With an increase in big data breaches and security gaffes compromising people’s privacy, LPK’s Creative Director Bryan Goodpaster discusses our need to re-evaluate technology’s impacts and interactions with our confidentiality. Bryan points out that:
“Massive amounts of biometric data offer a brand the potential to access user data discretely, and without the assistance of a handheld device. Simple surveillance technologies can use facial recognition to assess buying habits, establish credit potential or predict any number of purchase behaviors. Last year, a handful of retailers deployed bionic mannequins equipped with facial recognition software, surveillance cameras and sensors—capable of tracking shoppers’ gender, age, race, facial expressions and more. Other technologies which use customers’ in-store Wi-Fi connections to track traffic patterns and shopper frequency are being used by retailers ranging from Family Dollar to Warby Parker.”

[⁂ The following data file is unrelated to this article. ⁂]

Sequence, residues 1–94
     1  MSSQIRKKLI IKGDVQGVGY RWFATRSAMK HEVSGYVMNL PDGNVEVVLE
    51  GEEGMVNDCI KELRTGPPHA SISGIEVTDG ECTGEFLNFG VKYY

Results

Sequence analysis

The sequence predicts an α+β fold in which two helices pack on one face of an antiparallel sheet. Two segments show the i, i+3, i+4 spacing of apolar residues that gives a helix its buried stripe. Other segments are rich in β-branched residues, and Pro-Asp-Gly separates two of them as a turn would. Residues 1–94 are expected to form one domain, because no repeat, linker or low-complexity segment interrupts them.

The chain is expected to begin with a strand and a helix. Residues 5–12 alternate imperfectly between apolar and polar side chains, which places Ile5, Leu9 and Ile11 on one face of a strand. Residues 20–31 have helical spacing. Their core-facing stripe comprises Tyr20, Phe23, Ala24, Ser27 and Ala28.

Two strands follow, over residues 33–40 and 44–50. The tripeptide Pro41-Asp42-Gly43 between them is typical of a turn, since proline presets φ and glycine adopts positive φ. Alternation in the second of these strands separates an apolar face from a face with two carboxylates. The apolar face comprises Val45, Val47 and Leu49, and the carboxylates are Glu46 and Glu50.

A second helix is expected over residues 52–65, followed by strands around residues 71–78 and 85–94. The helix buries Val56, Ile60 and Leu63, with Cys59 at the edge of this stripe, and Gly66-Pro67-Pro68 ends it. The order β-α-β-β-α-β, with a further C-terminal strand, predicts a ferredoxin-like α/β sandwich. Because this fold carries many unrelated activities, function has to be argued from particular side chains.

Click here to read more on Bryan’s article, “The Hubris and Humility of Opting In” in UX Magazine.
What do you think? Share your thoughts with Bryan on Twitter.
Bryan Goodpaster is a creative director at LPK, where he is often called upon for his non-traditional approach and strategic consultancy—helping crack wicked brand problems and strategic conundrums for many category-leading brands. Part semiotician, part psychologist, Bryan has known what you really meant by that for over 15 years. Follow Bryan on Twitter at @bryangoodpaster or email him at email@example.com.